Saturday, May 31, 2014

Yin and Yang Every Day

Everything was happening at once! Just climbing the steps out of the Long Island Railroad Station to 7th Avenue. Now that's an energizing experience! Sounds everywhere, different volumes and pitches, calling to me, repelling me, hammering, caressing.Walking west on 34th and up 8th Avenue brings more, more of everything. There are so many people! Traveling up- and downstairs, the people themselves are more varied than the sounds. Some are in business garb, dark jackets and slacks or skirts, light shirts, business shoes. Other are wearing jeans that were bought WITH the tears and holes in them. Still others have put what looks to me like random clothing - nothing matches anything. I love it all!

Everyone, everyone, has a cell phone. They are CONNECTED - to a person in another location, doing something very different from what these people are doing. That distant voice or text is attached to a being who is not experiencing New York City's 8th Avenue at 7am.

What about our connections to the world immediately around us? Are those connections still strong? Do we actually SEE the people around us, SMELL the aromas from the carts and out through the the open doors of the delis and bakeries, do we FEEL the pulse of New York City so much that our pulse aligns with it?

Attached here. Apart there. I love my Facebook connections and LinkedIn colleagues. I love talking to high school friends who live across the country, and I feel as if no time or distance is between us. We have been given the opportunity to connect and be close again. We've taken the challenge.

How many souls touch our each day on the streets of New York City? What lives are momentarily connect? What if one of those lives would have enriched ours, touched us, or made us feel safe in our own bodies again? Better still, whose life might We have touched, given a blessing, helped to heal, fill with laughter?

The Port Authority Bus Terminal is hopping. I love the excitement of people traveling! I like to watch them, guess where they're going, imagine why. My bus is ready to board. The ride to Lenox is smooth, unharried, and very pretty. I am blessed to be on a bus with considerate souls - nobody is screaming into a cell phone; nobody is blasting music; nobody is eating a noxious-smelling breakfast. At Lenox, we leave the bus and hop on the shuttle for the 3-minute trip to Kripalu.

The Berkshires are as dense with trees as NYC was with people. There is an absence of sound that is as powerful as the cacophony that I left four hours ago on 8th Avenue. The quiet has a sweetness to it. The whole invironment invite me to slow down, REALLY do nothing. The vast countryside surrounds me and the lake below is shimmering and very, very still.

New York City and the Berkshires - Yang and Yin for sure. I'm blown away by sensation in NYC and drowned in quiet a few hundred miles north, here on the steps of Kripalu. I couldn't or wouldn't want to be in either of these places exclusively - too much and too little. The notion and realization that my home is Long Island and THAT is balance.

Standing on my front stoop or sitting on my back patio I am completely comfortable. It feels right. The quiet of the morning is interrupted by a lawn mower, weed whacker, or (UGH!) leaf blower. That's fine with me.

It's nearly summer, and I've just endured a long winter. I loved that too. I need cold and hot, cool and warm.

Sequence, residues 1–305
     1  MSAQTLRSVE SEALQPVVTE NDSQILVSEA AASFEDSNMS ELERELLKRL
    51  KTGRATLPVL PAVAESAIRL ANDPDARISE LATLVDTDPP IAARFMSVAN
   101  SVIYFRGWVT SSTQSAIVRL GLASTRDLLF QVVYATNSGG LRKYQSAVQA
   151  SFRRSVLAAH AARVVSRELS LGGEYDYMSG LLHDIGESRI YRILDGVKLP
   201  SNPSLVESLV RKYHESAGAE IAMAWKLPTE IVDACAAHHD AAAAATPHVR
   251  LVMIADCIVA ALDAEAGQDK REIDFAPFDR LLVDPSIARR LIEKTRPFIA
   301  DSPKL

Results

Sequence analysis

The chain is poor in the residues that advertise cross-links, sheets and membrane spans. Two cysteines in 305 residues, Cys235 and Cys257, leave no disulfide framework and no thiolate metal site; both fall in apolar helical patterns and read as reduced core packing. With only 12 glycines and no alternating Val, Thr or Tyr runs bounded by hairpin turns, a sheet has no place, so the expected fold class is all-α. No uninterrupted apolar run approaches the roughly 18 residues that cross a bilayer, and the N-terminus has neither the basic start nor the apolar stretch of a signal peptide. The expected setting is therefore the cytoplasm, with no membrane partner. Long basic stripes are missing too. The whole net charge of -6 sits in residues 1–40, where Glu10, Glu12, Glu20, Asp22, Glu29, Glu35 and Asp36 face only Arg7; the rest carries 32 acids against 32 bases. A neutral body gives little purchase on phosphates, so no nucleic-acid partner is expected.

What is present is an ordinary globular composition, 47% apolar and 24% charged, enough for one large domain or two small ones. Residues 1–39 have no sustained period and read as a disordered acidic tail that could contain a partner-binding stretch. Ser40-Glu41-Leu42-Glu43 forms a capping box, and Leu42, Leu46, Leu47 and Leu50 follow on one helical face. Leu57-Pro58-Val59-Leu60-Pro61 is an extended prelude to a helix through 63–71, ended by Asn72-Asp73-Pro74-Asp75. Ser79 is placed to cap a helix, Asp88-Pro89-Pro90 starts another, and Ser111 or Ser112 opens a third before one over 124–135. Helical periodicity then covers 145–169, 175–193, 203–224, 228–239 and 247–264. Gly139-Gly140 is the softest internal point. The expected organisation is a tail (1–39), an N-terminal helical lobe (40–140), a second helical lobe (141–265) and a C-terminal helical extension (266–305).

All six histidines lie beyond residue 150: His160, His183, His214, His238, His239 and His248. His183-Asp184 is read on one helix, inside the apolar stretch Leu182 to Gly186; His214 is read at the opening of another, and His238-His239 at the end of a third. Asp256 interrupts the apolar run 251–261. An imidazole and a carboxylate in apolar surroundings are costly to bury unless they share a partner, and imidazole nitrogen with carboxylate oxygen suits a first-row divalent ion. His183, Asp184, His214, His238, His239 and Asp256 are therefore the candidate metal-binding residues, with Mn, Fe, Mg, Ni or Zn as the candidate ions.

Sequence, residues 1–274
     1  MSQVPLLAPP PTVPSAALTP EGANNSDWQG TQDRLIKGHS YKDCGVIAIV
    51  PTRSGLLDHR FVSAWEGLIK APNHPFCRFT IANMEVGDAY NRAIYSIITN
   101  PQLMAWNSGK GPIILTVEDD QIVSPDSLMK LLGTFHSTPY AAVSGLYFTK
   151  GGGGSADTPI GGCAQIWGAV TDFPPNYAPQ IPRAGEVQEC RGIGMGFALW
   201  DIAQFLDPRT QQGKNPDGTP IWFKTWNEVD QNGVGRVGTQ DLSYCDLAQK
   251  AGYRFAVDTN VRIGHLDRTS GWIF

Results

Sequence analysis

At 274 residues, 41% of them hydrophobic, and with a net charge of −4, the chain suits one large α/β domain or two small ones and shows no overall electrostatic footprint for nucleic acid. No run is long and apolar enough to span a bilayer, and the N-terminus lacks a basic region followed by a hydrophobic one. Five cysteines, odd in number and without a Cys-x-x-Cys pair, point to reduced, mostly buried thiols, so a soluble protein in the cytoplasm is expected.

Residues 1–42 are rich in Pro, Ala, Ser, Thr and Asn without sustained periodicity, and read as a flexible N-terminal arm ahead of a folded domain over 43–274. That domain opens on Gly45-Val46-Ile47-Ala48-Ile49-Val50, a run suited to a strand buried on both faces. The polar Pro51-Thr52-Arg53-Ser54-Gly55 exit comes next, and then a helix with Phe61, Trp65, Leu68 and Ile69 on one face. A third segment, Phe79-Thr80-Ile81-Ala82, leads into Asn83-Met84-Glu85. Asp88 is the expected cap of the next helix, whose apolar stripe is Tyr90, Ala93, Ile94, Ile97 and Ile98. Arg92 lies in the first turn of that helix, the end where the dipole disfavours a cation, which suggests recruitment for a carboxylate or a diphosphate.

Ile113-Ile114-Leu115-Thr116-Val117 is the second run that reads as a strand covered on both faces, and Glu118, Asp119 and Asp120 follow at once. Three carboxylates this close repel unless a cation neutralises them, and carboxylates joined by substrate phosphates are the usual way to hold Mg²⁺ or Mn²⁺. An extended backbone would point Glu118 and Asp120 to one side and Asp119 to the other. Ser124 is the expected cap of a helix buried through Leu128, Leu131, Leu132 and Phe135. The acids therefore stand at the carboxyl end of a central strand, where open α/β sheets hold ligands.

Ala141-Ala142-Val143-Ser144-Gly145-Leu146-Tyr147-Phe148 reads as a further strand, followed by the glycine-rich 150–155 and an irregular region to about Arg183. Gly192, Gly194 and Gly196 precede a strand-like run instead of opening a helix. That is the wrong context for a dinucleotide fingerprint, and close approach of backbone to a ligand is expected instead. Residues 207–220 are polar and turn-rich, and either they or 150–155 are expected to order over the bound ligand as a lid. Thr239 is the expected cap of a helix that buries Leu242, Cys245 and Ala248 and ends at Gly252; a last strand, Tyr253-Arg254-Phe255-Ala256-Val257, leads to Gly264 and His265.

We spend our time in a state of flux, from yang to yin and back. Embrace everything around you!
As the Taoist tell us, this too will change.

Thursday, May 22, 2014


Rituals - Practices that we engage in regularly. The regularity can be daily or yearly. The distances between them don't matter. What DOES matter is that they are our rituals. They might be work-related, self or family, spirit or body, mind or consciousness.

My childhood had rituals. Sundays were days for church and Sunday School, then a drive to Yiayia and Papou's house in Jamaica. The delicious smells - their fabulous, gigantic, glass-topped dining room table. Talking in Greek. The drive home. The Wonderful World of Disney. Bonanza. A perfect Sunday.

At the risk of alienating practically everyone, I'll admit that life seemed to have more sanity, more clarity, more groundedness, more calm, and yes, more joy, when moms were home. Something that could always be counted on. It's important for children for children to know that they can always count on something. And, I'm finding more and more, it's important for adults as well.

All of us kids, no matter our religion, had similar rituals. We all came home from school, had snacks, and then all went out to play. We all knew that the street lights coming on were our signal that we'd hear our mothers start to call.Whether it was matzo ball soup, avgolemono, or borscht, we loved our ethnic food, and especially loved going to friends' houses to try theirs. None of my friends had pasticcio at home, and I didn't have minestrone at mine.

We all had rituals. Our lives flowed in a certain, easy, way. Sure, we got into trouble, and the repercussions weren't easy. But even the trouble was part of the ritual. We knew our boundaries, and as kids, we overstepped them. We knew what would happen on Sunday, or after school, or Passover. As children, we needed that. Of course, we didn't know it at the time.

Life is different now. That stability has given way. We don't do the same thing every Sunday. We have no idea what our friends do. Most of us work far more hours than did our parents and we have far less leisure time. We do more, but somehow enjoy less. Parents make play dates for their children so that they can be sure that the kids actually PLAY.

What might happen if we set and intention to bring some ritual back into our lives? How might we benefit? What about our children? Would they be happier? Would they fare better in school? Might they engage in less violence? I tend to think so.